Here are some more verses about God’s opinion of us:
When we hear things like “I am a bad son/daughter” or “I won’t amount to anything”—in our own heads, from ourselves or from others or from our spiritual enemies—we need to claim what is true! Remind yourself the things you know to be true of yourself in Christ. Say aloud (or in your head): “I am a child of God. I am cherished by Him and I have a future and a hope in Him” (or any of the truths from this list or last week’s!) We can fight the enemy with truth! And the more we claim these things, the more we will embody this role and become like Jesus!
Really good news.
Jim LePage has some pretty excellent books-of-the-Bible artwork. I have yet to see some art this good around a theme as important as the Bible—which also makes this the first crossover of #design and #bible.
In order to do God’s work best, we need to understand how God views us. We often look to friends, family, television, media, etc. for our definition, and because of this many of us have a misunderstanding of ourselves. We cannot be defined by what others say about us, but by how God sees us. Which leads us to ask, “What is His opinion of us?”—this opinion is going to be the truth that can accurately define us.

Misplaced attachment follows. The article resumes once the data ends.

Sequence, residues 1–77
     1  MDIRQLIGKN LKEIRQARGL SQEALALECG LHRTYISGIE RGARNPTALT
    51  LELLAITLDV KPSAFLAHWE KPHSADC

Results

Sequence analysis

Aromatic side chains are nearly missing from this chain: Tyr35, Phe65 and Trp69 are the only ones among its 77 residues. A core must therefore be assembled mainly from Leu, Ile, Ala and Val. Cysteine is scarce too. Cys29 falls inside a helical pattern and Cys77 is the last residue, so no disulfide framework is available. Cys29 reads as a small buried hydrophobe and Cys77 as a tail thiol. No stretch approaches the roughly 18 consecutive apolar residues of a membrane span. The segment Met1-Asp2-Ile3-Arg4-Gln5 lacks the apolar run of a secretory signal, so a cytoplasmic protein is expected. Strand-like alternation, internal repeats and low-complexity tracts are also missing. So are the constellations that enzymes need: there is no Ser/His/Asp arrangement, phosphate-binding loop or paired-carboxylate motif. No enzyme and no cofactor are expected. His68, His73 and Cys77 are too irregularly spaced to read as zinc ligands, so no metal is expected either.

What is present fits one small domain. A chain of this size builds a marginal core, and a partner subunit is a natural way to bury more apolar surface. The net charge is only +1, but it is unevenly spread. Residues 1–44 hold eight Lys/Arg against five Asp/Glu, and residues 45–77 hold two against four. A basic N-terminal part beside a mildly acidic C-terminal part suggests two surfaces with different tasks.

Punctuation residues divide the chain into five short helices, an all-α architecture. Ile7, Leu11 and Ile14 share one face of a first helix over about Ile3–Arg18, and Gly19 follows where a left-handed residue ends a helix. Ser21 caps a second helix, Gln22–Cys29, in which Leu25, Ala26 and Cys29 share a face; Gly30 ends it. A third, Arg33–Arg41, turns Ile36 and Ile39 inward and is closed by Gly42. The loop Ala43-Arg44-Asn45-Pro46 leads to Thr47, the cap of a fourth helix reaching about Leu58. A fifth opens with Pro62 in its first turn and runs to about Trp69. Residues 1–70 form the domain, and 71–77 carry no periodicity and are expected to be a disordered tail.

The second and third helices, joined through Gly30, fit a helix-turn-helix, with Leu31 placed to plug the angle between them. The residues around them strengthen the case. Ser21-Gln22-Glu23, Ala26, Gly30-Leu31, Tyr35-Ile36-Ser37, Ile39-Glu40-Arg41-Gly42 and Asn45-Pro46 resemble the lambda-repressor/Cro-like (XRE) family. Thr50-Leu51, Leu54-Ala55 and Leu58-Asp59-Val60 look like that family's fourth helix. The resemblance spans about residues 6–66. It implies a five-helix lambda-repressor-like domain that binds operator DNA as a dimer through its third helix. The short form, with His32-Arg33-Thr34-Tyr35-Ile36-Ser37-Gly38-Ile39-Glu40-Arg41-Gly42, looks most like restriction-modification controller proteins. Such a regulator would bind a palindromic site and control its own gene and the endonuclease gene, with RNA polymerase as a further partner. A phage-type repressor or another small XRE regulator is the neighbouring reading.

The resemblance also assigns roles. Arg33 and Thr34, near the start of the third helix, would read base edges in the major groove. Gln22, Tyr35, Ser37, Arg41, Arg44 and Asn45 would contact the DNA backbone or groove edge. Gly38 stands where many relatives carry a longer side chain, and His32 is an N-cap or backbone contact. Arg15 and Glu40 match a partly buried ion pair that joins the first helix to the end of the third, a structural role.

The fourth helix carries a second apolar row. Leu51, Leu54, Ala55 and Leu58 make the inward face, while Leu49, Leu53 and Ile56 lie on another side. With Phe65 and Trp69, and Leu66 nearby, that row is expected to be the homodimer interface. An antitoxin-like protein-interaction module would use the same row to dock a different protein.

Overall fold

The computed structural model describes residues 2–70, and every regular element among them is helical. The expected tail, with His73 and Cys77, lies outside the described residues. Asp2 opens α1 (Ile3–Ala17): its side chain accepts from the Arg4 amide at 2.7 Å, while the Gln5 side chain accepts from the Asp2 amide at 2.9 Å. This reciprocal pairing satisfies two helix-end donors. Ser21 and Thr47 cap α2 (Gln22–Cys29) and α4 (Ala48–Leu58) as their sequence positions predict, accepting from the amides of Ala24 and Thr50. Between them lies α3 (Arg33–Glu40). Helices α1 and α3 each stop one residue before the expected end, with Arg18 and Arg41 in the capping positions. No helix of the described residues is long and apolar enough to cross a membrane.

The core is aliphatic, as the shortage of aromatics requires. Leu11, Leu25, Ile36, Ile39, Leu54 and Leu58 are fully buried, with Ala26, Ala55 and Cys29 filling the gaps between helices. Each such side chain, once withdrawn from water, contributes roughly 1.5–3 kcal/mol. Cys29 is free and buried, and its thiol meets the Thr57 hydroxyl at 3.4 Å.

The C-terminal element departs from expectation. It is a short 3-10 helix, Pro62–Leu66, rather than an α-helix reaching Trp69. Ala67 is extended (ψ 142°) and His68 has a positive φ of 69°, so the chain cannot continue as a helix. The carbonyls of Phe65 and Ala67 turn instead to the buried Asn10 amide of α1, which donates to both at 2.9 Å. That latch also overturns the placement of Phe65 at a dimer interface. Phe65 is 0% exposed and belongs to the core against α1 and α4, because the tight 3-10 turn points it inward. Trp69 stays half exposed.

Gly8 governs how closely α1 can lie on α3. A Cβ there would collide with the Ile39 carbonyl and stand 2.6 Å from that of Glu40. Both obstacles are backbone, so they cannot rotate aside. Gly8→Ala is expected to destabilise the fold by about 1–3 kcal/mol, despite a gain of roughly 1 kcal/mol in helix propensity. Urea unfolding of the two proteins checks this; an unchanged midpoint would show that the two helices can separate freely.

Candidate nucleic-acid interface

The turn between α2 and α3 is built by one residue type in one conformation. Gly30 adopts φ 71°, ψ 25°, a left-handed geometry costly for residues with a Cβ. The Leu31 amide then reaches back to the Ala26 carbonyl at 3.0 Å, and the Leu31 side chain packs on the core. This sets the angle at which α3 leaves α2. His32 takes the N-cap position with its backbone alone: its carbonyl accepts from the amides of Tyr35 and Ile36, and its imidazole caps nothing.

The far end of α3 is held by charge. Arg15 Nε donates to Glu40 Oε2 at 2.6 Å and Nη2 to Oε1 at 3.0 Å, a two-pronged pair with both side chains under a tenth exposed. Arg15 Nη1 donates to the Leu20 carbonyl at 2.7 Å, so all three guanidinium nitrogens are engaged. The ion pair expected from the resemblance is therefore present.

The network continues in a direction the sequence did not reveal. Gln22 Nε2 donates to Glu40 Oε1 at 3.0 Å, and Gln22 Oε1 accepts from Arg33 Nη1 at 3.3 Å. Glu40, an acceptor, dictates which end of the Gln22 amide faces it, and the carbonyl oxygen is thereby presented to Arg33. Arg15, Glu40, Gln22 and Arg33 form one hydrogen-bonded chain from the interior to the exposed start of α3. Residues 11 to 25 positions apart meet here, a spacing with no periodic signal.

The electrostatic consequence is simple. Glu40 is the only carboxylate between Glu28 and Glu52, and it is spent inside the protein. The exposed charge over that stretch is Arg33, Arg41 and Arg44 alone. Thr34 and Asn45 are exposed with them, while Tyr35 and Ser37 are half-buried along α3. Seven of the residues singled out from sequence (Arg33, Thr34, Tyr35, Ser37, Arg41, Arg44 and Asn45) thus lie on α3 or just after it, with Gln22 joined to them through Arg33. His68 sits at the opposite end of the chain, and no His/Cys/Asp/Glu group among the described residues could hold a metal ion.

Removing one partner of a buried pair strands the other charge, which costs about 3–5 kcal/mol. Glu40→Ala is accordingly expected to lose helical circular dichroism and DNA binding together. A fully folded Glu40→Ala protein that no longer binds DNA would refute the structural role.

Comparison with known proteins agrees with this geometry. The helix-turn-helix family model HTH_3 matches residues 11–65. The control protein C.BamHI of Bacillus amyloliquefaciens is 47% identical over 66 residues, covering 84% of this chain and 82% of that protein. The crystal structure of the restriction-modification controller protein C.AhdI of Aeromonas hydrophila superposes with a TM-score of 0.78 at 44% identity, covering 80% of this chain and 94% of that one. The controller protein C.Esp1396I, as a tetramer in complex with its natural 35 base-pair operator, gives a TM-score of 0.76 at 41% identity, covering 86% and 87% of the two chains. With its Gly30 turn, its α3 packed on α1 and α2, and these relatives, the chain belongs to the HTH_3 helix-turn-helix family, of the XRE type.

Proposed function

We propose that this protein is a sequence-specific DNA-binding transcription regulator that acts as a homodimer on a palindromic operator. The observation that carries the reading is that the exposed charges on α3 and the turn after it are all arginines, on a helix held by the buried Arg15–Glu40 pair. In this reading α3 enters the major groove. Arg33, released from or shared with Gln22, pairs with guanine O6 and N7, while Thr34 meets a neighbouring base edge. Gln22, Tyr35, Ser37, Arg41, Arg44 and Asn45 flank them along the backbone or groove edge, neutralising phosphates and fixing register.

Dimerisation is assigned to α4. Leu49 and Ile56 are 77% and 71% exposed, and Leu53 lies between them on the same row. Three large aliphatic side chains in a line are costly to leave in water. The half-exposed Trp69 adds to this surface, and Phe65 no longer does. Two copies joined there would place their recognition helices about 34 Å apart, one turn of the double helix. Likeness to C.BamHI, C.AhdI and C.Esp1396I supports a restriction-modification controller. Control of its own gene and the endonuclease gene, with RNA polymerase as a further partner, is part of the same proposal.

If you hold to my teaching, you are really my disciples. Then you will know the truth and the truth will set you free. (John 8:31-32)
Free from what? In this case: self-loathing, depression, feelings of insecurity, a lack of faith to do God’s work, bondage and death in sin, and more.
Free to do what? To do God’s work, to love others, to live abundantly!
Look at these verses, and at what they say about who we are and how God views us:
This is exciting stuff! This wave of verses is probably enough to think about for now. I will post more soon in Part II.
“Some Children” - Holy Ghost!
Living in an Instagram era, where anyone can be a master retro photographer, photography this unbelievable can be hard to come by. These are taken by Anton Jankovoy, all in Nepal. The top picture is apparently the Milky Way as seen above the Himalayans. I love seeing the movement of the stars captured in photography (also see this post).
A couple recent posters I’ve made for events at Pulse Youth.
…for the joy of the Lord is your strength. (Nehemiah 8:10)
The fourth and final reason why Jesus died—as we explored very briefly at Logos a few weeks ago—is so that we might have joy! The Bible says we can experience the fullness of God’s joy in us (John 17:13)! That means that this is available to us at any given moment.